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Dr Mordrid
22nd November 2006, 20:25
This is just a taste. Full read recommended.

http://news.independent.co.uk/world/science_technology/article2007490.ece


Genetic breakthrough that reveals the differences between humans

Scientists hail genetic discovery that will change human understanding

By Steve Connor, Science Editor
Published: 23 November 2006

Scientists have discovered a dramatic variation in the genetic make-up of humans that could lead to a fundamental reappraisal of what causes incurable diseases and could provide a greater understanding of mankind.

The discovery has astonished scientists studying the human genome - the genetic recipe of man. Until now it was believed the variation between people was due largely to differences in the sequences of the individual "letters" of the genome.

It now appears much of the variation is explained instead by people having multiple copies of some key genes that make up the human genome.

Until now it was assumed that the human genome, or "book of life", is largely the same for everyone, save for a few spelling differences in some of the words. Instead, the findings suggest that the book contains entire sentences, paragraphs or even whole pages that are repeated any number of times.

The findings mean that instead of humanity being 99.9 per cent identical, as previously believed, we are at least 10 times more different between one another than once thought - which could explain why some people are prone to serious diseases.

The studies published today have found that instead of having just two copies of each gene - one from each parent - people can carry many copies, but just how many can vary between one person and the next.

The studies suggest variations in the number of copies of genes is normal and healthy. But the scientists also believe many diseases may be triggered by an abnormal loss or gain in the copies of some key genes.

Another implication of the finding is that we are more different to our closest living relative, the chimpanzee, than previously assumed from earlier studies. Instead of being 99 per cent similar, we are more likely to be about 96 per cent similar.

The findings, published simultaneously in three leading science journals by scientists from 13 different research centres in Britain and America, were described as ground-breaking by leading scientists.

"I believe this research will change for ever the field of human genetics," said Professor James Lupski, a world authority on medical genetics at the Baylor College of Medicine in Houston, Texas.
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Fat Tone
23rd November 2006, 01:00
Thanks Doc. All we got about that on Radio 4 this morning was "The findings mean that instead of humanity being 99.9 per cent identical, as previously believed, we are at least 10 times more different between one another than once thought". We did get several minutes of speculation on the 'poisoned' Russian chap though. :rolleyes:

NetSnake
28th November 2006, 04:50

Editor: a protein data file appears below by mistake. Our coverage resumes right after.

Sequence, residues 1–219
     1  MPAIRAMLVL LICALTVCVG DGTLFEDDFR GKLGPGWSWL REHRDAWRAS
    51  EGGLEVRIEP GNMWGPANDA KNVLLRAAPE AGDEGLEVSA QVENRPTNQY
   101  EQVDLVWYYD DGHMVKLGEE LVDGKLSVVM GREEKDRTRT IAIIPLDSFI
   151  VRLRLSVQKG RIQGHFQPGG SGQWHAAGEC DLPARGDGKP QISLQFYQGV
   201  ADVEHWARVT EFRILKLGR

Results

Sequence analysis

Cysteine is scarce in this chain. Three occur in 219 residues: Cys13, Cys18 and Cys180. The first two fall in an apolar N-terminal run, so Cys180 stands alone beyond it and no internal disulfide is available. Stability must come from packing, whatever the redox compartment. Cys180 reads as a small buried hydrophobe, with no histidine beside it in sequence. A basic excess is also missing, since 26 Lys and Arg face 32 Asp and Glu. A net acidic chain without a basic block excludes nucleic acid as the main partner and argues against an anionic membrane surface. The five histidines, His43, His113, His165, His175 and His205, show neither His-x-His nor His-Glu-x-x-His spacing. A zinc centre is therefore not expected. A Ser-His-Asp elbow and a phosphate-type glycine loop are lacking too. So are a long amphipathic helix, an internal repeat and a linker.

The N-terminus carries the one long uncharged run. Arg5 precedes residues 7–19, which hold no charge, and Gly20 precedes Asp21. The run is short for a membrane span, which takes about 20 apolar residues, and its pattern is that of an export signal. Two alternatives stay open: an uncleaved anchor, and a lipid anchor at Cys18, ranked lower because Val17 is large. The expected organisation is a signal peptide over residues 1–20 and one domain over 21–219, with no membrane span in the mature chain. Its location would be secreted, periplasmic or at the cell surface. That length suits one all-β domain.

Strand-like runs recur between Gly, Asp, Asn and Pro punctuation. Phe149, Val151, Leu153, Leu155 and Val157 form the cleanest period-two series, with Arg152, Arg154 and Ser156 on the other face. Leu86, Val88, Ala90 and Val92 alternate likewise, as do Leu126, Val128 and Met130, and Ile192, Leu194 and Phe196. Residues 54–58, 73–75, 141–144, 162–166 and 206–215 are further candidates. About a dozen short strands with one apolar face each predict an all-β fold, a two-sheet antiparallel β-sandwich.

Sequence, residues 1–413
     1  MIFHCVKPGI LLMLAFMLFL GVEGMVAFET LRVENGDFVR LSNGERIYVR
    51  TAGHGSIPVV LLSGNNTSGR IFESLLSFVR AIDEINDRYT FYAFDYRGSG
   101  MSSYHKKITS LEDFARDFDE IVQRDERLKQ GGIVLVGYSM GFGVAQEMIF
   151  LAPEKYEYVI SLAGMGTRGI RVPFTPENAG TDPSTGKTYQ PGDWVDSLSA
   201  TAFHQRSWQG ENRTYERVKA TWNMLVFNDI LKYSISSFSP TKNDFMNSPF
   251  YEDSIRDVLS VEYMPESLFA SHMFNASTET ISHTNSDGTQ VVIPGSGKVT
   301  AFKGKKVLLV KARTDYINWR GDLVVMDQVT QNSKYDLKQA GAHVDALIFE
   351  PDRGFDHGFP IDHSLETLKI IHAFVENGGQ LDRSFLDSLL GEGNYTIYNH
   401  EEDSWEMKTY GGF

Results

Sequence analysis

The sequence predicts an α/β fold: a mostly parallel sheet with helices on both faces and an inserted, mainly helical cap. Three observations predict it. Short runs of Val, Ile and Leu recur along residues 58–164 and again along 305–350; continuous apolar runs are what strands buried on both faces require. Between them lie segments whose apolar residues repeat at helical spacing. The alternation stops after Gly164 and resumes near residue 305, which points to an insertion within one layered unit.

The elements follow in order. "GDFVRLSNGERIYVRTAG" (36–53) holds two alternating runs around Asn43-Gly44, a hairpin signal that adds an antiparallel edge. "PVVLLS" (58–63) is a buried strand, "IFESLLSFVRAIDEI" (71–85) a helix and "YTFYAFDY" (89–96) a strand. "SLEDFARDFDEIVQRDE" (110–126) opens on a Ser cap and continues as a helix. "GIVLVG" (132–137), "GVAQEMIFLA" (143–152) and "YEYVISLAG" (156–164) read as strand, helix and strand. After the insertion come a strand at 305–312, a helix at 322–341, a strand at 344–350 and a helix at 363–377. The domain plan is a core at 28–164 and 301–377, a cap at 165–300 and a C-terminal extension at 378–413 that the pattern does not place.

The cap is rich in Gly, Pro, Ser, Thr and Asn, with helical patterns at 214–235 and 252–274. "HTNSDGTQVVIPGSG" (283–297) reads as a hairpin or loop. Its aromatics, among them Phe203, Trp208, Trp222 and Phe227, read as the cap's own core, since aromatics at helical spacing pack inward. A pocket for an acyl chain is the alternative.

The full text is even more interesting.



Deletions are known to be biased away from genes5, as a result of selection. In contrast, the selective pressures on duplications are poorly understood; the existence of gene families pays testament to positive selection acting on some gene duplications over longer-term evolution42. We identified the different classes of functional sequence that fell within CNVRs, and tested whether they were significantly enriched or impoverished within these CNVRs compared to the entire genome (Table 1; see also Supplementary Table 13 and Supplementary Methods).
.......

We found CNVs in genes already known to be responsible for complex traits, including CCL3L1 and FCGR3B19, 20. Some new observations were also documented. Two CEU samples (mother and offspring) manifested a gain of CNV-95 involving the first six exons of DISC1, which is disrupted in schizophrenia48. CNV-575, encompassing the LPA apolipoprotein A gene, demonstrated population variability, which may influence susceptibility to atherosclerosis. The CRYBB2-CRYBB3 -crystallin genes in CNV-1367 were observed as gains and losses in copy number in CEU and YRI samples. However, only gains were detected in Asians, leading us to speculate that variability in crystallin copy number may be linked to population differences of onset of age-related cataracts49. Following a similar rationale, we highlight CNV-507 for possible involvement in sarcoidosis owing to its proximity to the BTNL2 gene50, and CNV-505 in psoriasis susceptibility, because it covers the 6p21.3 (PSORS1) susceptibility locus51.

.......



This is also interesting:


The HapMap collection comprises four populations: 30 parent–offspring trios of the Yoruba from Nigeria (YRI), 30 parent–offspring trios of European descent from Utah, USA (CEU), 45 unrelated Japanese from Tokyo, Japan (JPT) and 45 unrelated Han Chinese from Beijing, China (CHB). Genomic DNA from Epstein–Barr-virus-transformed lymphoblastoid cell-lines was used.


30 parent–offspring trios of European descent from Utah, USA but no americans where actually included in the study...
I can understand the complications but it would be interesting.
For example: considering that all (caucasian) americans are of european origin the data would give us an idea of how fast are these changes taking place:

are all regions affected or just a few? or none of them?
how much can a few hundred years affect those regions?
not to mention that if there were any genes or gene promoters affected we would have an idea of the flexibility of the human genome....

Dr Mordrid
28th November 2006, 05:02
Yup. Overall it highlights just how little we do know about DNA. It should definitely spawn a ton of new studies.